Written by Claudeth Mocon
THE aggressive civil-society campaign against tobacco use paid off, a regional tobacco control network said on Tuesday.
The group added, however, that “the war is far from over.”
The Bangkok-based Southeast Asia Tobacco Control Alliance (Seatca) also lauded the people of the Philippines for “not backing down in a major battle against tobacco use.”
“While the fight for a meaningful ‘sin’ tax bill is far from over, Filipinos have successfully sent a powerful message to their policy-makers: The people of the Philippines deserve—and will not settle for anything less than—a law that will truly protect public health,” Ulysses Dorotheo, Seatca Initiative on Tobacco Tax Project director, said.
The Bangkok-based Seatca noted how an aggressive civil-society campaign caused Sen. Ralph Recto on Monday to resign his position as chairman of the Senate’s Committee on Ways and Means.
Recto has resigned as the chairman of the committee after public-health advocates raised a howl over a committee version of the sin-tax bill reported out by Recto.
The advocates said the Recto version of the bill “watered down” the original bill. Former Sen. and Health Secretary Juan Flavier said the Recto version of the bill would essentially “preserve the status quo” in Philippine tobacco use.
“We fully support the public-health advocates, and urge them to be vigilant and steadfast, so as to move forward with the fight,” Seatca Director Bungon Ritthiphakdee said, adding that, “It is not an easy task to develop and put in place strong tobacco control legislation, but keeping in mind that it is for the greater good of your countrymen, then efforts to raise tobacco taxes and prices will not be in vain.”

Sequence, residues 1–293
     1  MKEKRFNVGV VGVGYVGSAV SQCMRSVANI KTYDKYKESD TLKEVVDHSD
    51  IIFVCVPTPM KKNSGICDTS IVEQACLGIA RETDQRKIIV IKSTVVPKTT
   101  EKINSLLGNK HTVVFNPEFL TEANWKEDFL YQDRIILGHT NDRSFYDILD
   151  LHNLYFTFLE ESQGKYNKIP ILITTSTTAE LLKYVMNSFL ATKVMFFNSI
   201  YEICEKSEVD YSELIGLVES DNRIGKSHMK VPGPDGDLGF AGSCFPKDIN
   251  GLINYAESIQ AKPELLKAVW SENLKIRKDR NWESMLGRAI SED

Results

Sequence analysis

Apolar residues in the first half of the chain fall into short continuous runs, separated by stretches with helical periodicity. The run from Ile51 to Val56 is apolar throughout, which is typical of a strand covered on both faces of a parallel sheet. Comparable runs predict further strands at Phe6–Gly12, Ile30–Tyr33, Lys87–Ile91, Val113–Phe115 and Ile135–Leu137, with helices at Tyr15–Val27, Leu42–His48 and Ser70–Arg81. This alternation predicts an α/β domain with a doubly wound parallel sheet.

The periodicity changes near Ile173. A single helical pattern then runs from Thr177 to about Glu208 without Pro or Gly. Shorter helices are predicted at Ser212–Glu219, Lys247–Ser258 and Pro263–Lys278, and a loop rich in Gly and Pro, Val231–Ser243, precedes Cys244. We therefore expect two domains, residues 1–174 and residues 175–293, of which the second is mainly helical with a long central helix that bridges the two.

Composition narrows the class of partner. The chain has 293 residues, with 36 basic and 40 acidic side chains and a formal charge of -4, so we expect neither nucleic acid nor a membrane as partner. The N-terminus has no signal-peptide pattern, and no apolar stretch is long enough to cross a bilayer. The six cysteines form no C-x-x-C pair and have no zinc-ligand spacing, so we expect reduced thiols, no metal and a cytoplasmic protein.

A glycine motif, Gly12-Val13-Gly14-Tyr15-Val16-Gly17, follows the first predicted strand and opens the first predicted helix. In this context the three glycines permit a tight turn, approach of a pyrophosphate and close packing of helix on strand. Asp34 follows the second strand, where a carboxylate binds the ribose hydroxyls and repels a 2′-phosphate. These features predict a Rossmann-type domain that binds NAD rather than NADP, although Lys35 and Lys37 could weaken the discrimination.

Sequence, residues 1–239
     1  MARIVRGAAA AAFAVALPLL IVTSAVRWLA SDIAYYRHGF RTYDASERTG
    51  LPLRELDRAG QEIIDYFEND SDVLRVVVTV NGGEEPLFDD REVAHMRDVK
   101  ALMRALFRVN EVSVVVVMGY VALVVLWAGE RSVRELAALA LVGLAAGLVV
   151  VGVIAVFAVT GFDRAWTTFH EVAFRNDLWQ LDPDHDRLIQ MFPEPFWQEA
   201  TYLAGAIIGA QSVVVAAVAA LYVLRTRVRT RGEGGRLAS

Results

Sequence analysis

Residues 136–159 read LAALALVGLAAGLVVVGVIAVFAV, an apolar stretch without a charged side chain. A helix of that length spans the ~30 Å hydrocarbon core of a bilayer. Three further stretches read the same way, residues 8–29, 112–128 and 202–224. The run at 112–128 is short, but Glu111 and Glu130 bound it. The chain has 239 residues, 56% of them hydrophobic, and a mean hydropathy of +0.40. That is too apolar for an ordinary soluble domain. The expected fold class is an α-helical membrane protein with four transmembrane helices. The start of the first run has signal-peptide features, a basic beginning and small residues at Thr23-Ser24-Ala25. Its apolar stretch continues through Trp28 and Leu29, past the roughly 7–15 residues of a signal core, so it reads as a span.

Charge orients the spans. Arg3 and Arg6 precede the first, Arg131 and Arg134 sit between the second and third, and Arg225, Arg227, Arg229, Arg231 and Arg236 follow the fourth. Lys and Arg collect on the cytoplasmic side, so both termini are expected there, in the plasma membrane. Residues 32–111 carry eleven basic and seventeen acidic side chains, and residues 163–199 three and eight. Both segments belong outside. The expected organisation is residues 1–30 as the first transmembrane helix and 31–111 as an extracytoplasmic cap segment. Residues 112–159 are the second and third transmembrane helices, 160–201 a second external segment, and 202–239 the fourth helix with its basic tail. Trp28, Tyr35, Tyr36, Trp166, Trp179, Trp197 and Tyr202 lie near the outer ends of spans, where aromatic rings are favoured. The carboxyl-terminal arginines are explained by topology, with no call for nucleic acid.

Meanwhile, HealthJustice Project Manager Evita Ricafort, in a statement, said: “We consider Recto’s resignation a sign of progress—the deafening cry of civil society for a tax reform that will serve its purpose to save lives is being heard. We want the government to know that we will continue to guard the fort with them and ensure that public-health policies are free from the influence of the tobacco industry. After all, the interests of the government in protecting its people can never be reconciled with the interests of the tobacco industry to rake in profit.”
Seatca noted that “aggressive campaigns of the rich and powerful tobacco industry to misinform and spread lies has happened in other Association of Southeast Asian countries, but countries fought hard and were successful, because their governments were ultimately compelled to put public interest first over self and the tobacco industry. We are deeply concerned about events in the Philippines and how the tobacco industries blatantly try to meddle in government legislative processes, with the attempts to water down tax laws.”